Saudi Arabia’s purchase of ADES International reduces the risk that the company’s contracts be cancelled or renegotiated, Fitch Ratings has said.
The Public Investment Fund (PIF) set out a plan to take ADES private earlier in March.
Assuming the deal goes as planned, this would “improve the company’s positioning and stability of its oilfield services revenues” in Saudi, Fitch said.
ADES’ key customer is Saudi Aramco, the ratings agency said. It provides 54% of its revenues. Fitch has previously worried that customer concentration was a risk for ADES’ rating. Kuwait, Egypt and Algeria provide 26%, 16% and 4% respectively.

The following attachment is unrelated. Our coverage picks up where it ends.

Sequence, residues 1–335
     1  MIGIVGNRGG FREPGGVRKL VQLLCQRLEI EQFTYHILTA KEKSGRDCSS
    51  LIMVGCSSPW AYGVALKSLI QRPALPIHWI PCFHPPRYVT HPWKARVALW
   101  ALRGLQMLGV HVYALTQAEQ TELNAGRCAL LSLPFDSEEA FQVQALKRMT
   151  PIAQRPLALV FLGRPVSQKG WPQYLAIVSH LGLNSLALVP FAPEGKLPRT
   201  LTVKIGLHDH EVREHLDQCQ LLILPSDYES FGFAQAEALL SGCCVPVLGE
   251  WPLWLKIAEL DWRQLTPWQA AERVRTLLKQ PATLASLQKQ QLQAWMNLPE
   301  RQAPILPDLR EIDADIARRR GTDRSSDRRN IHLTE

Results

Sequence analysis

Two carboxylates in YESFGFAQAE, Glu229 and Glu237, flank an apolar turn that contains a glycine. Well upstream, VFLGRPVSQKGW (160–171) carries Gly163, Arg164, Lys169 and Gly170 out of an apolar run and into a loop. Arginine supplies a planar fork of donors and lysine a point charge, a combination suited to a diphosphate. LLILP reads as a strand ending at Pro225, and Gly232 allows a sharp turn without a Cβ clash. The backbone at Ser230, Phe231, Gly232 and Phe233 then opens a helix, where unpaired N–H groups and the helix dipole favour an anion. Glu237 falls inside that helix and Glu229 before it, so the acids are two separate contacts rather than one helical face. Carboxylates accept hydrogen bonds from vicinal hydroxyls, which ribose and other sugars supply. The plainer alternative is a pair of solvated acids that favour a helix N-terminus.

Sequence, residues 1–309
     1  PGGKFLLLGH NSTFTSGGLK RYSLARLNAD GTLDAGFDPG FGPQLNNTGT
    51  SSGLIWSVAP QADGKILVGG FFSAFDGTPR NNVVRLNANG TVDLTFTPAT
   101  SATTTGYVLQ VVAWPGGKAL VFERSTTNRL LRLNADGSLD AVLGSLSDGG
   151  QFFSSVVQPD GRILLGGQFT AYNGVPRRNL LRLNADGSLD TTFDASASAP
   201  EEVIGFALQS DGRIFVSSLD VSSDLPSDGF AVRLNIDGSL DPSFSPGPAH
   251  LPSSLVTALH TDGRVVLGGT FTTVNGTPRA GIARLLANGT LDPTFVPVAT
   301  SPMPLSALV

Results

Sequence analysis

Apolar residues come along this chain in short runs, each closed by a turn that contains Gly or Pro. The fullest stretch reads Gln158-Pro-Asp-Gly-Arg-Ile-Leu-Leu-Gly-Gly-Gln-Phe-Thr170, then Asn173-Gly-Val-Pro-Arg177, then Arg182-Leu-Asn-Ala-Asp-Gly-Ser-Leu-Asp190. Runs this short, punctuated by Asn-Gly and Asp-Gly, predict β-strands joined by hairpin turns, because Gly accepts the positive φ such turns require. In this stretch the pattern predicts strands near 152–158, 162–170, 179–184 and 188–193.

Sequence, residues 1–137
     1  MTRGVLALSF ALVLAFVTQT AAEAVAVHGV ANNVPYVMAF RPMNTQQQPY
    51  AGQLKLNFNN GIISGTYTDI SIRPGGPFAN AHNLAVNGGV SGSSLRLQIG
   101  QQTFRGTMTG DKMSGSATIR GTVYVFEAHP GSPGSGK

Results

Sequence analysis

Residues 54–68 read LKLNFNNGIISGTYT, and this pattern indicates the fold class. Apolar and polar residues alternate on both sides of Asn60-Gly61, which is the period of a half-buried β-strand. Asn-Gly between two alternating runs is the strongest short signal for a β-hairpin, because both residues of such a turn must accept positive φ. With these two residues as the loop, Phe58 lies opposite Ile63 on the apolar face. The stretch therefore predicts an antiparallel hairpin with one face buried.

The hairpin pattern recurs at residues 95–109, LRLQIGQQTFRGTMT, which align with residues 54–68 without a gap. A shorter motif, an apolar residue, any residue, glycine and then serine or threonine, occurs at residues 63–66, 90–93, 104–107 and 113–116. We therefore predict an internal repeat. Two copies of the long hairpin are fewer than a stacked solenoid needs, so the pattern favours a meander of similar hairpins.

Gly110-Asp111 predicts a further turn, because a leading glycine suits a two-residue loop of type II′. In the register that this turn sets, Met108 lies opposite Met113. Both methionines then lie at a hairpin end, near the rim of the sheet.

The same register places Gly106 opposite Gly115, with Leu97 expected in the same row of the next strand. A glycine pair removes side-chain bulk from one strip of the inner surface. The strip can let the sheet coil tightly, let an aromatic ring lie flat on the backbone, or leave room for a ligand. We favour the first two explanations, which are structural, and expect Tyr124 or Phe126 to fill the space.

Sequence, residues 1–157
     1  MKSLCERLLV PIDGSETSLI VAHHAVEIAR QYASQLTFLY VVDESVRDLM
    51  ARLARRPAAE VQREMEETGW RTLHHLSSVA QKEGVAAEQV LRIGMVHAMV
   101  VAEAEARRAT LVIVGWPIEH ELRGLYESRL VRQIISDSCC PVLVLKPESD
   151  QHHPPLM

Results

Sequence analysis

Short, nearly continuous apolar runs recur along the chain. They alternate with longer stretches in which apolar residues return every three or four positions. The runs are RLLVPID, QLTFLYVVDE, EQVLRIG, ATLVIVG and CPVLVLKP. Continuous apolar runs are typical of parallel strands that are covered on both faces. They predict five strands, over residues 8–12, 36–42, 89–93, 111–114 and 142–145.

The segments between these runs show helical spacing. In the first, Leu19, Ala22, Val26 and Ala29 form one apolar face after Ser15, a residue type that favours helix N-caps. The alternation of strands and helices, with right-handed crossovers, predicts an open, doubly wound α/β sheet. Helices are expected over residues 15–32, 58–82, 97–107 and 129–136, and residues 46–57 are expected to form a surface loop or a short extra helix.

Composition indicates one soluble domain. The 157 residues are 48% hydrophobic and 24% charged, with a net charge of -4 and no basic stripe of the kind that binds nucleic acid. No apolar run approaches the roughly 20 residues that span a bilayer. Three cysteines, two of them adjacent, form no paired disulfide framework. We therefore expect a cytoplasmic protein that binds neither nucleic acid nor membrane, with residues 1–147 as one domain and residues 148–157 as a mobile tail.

PIF’s move will not trigger change-of-control clauses in ADES’ bond. This $325 million instrument is due 2024.
PIF will be a minority shareholder in ADES. The Abbas and Hussein families hold 64% of ADES, through ADES Investments.
Changes to the credit rating may come once ADES sets out a new strategy.
ADES has a 7% share in Saudi’s onshore drilling market. It has 15 onshore rigs and six jack-ups in the country, according to a September 2020 presentation. Work slowed for ADES in 2020 with some contract suspensions in Saudi.
Aramco does have investments in a number of drilling companies. It formed ARO Drilling with Rowan Rex in 2017 and the Saudi Aramco Nabors Drilling Company (SANAD) with Nabors International.
In 2018, Aramco and NOV Downhole Eurasia formed Arabian Rig Manufacturing (ARM), which planned to build 50 onshore rigs over 12 years.